I am standing on a playground that resembles my school’s yard – a flat asphalt square, wet, divided by the painted lines of play spaces. The blacktop sits adjacent to streets that pour downhill into alleys, apartments and a gathering mist.
I can’t see the bay, but I feel it out there, beyond the fog. I say to myself that I must be dreaming. I have never seen fog as thick as this.
I am supervising dozens of fifth graders. But in dream truth, I am not in charge. Instead, I watch as children dart from the midst of roiling clouds. Each child emerges, walks past me, and makes no comment. They appear to have somewhere to go.
Since children are walking past me, I turn to see where they might be heading. I discover that the yard upon which I stand is called the middle yard and the place to which children climb, the upper yard. Only then do I also notice moss covered steps that rise into the same tumbling mist that hangs above everything. I can’t see where the steps lead. Each child disappears and returns, a moment later.
“It won’t let us through.” A round-faced, gentle boy named Michael tells me. “It’s blocking the way.” Then a second child – a girl named Myra – returns with the same account. She stands before me with long black hair and black-rimmed glasses, large upon her small boned face. She shakes as she speaks: “I tried to go past, but a monster stopped me!”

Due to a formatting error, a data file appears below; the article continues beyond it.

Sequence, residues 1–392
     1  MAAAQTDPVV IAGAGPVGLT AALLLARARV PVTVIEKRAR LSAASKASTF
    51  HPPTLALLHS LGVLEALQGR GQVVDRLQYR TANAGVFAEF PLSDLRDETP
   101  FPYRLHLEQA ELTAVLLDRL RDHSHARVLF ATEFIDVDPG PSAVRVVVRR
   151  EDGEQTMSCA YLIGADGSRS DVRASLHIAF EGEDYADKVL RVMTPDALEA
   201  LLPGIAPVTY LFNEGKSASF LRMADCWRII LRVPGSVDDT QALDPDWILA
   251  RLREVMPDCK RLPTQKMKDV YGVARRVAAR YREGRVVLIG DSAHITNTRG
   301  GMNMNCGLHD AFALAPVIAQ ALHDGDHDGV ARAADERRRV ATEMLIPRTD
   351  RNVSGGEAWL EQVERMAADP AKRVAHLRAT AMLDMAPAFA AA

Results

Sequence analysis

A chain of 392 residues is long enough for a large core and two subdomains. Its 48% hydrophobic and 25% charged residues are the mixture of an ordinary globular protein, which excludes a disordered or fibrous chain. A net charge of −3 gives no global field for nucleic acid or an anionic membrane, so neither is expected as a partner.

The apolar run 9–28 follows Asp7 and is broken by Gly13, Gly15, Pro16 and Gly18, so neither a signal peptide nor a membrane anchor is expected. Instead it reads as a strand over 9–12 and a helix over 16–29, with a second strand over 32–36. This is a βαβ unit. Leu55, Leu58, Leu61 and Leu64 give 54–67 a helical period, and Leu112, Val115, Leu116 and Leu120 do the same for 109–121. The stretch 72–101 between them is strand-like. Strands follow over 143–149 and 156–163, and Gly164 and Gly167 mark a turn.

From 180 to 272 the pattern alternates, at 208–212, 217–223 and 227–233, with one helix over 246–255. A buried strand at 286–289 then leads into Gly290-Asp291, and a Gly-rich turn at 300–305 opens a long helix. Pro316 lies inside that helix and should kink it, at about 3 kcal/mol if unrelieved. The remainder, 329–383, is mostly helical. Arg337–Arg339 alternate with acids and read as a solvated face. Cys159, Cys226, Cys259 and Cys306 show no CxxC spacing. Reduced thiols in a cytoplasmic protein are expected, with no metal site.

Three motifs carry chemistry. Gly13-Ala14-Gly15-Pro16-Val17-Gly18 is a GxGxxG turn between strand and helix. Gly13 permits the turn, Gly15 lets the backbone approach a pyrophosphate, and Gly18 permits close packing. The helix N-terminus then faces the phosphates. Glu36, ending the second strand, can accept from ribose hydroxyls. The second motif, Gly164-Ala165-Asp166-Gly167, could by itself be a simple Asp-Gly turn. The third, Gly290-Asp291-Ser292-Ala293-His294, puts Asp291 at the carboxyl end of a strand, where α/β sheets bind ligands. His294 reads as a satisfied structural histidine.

I determine to climb the steps myself.
Into the clouds I go, finding myself stopped at the top of the stairs by a hairy beast so huge that I can see only its feet. I can smell its primordial must and can see that it stands so tall that it vanishes into the fog above me. I can’t move it. I can’t get past it, and I can’t even get its attention. Then, the being makes a rumbling sound that shakes my bones. I, like the children, return to the middle yard.
On my return, I see a second set of steps that rise up from a lower yard. Has this third yard been here all along? A boy and girl ascend from below – the same two who spoke to me moments before. Myra, however, now carries a glowing sword, and Michael walks close beside her. With set faces, they nod as they pass. I watch them climb again to the upper yard.
With confrontation imminent, I follow.
I reach the top in time to see Myra raising her sword. Then I witness something else: Two unlikely heroes engage a beast they can’t see, in a battle without slashing, blood letting, or rending of flesh. Nothing but a roar rises up, as if Myra has made some fatal cut. The beast then divides into shimmering atoms. Atoms dissipate. Two ten year-olds stand to behold the threshold of what I know to be the upper yard – a yard now liberated for exploration.
As the dream ends, the rest is mystery.
I stand watching boy and girl go forward and feel myself filling with an understanding: That courage is a potent weapon that can take down great beasts, and, that heroes are more powerful when they are less likely.